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Dreams of Desolation and Joy

New York
Alice Tully Hall, Lincoln Center Complex
11/11/2010 -  
White Light Festival: Silent Prayer
Lera Auerbach: Sogno di Stabat Mater (Dream of Stabat Mater) (New York premiere)
Giya Kancheli: Silent Prayer (New York premiere)
Ludwig van Beethoven: String Quartet in C-sharp minor, Op.131 (Arranged for String Orchestra by Victor Kissine and Gidon Kremer)

Ula Ulijona (Viola), Giedre Dirvanauskaute (Cello), Andrei Pushkarev (Percussion)
Kremerata Baltica: Gidon Kremer (Violin and Leader)

G. Kremer (© Knud Rauff)

Lincoln Center’s first “White Light Festival” is hardly a slogan. The program is packed with articles about turning music into spirituality, the science of transcendence, and appropriate poetry. In fact, Rainer Marie Rilke’s translated “To Music” was as appropriate for Gidon’ Kremer’s “Silent Prayers” as George Herbert’s metaphysical poem was for the Tallis Scholars “Credo” last week.

Of course nobody can box in the multiple personae of Gidon Kremer. Yes, this Latvian-born artist is one of the most vital violinists in the world for all the usual classics. But he is a humorist as well (his variations on “Happy Birthday” are little jewels). Mr. Kremer’s celebration of post-Soviet composers is essential to contemporary music, and the eponymous “Kremerata Baltica” string orchestra he brought to Alice Tully Hall, made up of 24 Latvian, Estonian and Lithuanian strings and one percussionist, share in Mr. Kremer’s exuberance and discovery.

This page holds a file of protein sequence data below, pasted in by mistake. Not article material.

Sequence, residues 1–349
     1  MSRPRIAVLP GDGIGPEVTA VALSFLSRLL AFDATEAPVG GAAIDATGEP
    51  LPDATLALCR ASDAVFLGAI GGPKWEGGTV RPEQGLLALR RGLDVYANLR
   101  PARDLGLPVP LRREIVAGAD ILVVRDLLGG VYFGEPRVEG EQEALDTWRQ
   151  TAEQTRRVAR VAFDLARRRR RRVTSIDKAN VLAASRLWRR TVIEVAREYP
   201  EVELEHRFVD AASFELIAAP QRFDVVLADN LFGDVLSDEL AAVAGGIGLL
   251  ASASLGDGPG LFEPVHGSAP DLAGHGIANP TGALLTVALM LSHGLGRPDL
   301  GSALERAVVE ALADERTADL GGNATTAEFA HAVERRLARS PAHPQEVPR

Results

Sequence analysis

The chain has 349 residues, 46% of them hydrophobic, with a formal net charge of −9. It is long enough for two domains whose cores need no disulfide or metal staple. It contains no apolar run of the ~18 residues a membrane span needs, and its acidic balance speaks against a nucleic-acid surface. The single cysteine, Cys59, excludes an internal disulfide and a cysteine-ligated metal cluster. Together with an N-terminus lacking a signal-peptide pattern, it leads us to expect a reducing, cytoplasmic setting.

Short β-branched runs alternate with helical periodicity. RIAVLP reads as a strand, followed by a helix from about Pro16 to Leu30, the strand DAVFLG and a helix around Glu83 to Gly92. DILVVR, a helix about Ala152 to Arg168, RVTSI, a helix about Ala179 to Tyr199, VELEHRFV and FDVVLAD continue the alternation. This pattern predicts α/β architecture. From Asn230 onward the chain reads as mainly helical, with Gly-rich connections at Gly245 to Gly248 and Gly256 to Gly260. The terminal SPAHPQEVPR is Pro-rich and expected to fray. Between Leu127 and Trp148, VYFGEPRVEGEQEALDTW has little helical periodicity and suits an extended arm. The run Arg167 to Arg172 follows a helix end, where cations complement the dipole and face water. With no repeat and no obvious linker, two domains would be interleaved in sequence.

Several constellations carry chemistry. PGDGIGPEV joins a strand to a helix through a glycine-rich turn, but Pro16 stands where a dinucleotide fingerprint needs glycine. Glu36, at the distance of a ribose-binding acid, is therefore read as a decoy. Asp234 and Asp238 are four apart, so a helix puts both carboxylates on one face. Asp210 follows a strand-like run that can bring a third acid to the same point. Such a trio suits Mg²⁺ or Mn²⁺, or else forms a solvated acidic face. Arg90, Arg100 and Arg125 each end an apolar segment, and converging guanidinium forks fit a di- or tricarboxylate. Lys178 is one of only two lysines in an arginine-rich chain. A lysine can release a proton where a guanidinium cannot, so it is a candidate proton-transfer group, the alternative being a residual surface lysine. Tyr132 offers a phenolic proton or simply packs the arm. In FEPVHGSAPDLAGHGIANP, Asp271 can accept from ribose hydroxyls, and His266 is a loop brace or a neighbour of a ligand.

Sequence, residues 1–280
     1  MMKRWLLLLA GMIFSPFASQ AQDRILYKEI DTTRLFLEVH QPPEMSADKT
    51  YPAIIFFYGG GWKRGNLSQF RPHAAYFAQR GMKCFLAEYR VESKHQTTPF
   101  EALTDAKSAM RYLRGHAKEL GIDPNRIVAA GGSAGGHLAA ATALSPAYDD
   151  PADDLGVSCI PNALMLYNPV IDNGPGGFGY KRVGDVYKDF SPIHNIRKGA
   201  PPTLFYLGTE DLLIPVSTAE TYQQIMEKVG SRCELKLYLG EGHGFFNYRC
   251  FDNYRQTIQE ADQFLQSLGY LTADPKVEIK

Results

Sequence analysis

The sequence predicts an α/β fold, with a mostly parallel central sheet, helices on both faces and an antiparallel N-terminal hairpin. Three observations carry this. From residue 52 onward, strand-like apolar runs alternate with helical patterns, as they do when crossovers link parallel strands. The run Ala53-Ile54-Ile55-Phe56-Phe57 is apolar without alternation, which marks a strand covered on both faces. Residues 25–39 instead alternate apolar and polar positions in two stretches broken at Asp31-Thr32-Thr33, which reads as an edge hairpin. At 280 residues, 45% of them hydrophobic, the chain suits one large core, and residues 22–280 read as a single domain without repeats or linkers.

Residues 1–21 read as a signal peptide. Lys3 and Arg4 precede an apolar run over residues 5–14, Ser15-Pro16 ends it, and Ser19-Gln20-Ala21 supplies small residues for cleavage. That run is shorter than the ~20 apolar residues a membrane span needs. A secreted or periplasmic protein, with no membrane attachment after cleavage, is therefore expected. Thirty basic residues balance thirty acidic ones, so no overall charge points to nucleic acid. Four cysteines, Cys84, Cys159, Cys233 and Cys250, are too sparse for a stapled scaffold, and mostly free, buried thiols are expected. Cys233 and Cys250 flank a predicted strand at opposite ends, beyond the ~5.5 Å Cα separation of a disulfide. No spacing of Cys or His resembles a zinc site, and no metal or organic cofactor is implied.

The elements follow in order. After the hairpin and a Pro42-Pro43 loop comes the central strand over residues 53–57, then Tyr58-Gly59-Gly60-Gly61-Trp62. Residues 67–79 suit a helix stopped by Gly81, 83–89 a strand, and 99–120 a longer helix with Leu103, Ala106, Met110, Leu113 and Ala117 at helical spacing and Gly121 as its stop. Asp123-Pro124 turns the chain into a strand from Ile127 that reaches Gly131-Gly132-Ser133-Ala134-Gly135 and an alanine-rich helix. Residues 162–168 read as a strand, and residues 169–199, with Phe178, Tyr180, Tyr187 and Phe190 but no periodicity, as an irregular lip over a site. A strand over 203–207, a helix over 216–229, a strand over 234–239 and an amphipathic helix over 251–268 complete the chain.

Their trio of works last night, with two singular encores, was typical. Two were New York premieres, by Lera Auerbach and Giya Kancheli. The last was by Beethoven, with a difference.

Inevitably, one had to compare Mr. Auerbach’s “dream” of Pergolesi’s great Stabat Mater with Philip Glass’s dream of Vivaldi’s Four Seasons Wednesday evening. The latter was a party piece–a gorgeous, clever patina of Baroque rhythms and harmonies, references to seasons and even a quote or two from Vivaldi. The legerdemain was (in Graham Greene’s words) “an entertainment.”

Ms. Auerbach dealt with a Neapolitan composer who overlapped the Venetian, but her goal was far more complex and more challenging. About half the work quoted Pergolesi in various forms. Kremer and violist Ula Ulijona played solos from the choral work, with dissonances overlapping each other with a solo vibraphone like a ritornello in the background. The style was Late Baroque, and the treble instruments–sometimes in harmonics, sometimes in aching pure melodies–were ideal replacements for the women’s chorus of the original Stabat Mater.

The string orchestra accompanied or augmented, but retained the mood of the its soloists. The work was desolate, but with the richness of an Italian cathedral. But so much material, from Pergolesi and Auerbach, was contained that, like all dreams, it seemed far longer than its supposed twelve minutes.

The work was new to New York, but with the 18th Century background, one didn’t feel any alienation from the context. That was not quite true in Giya Kanceli’s Silent Prayer.. Originally it was dedicated to Mr. Kremer and Mstislav Rostropovich on their 60th and 80th birthdays. With the death of the cellist a year later, Kancheli rewrote the work expressing more personal grief.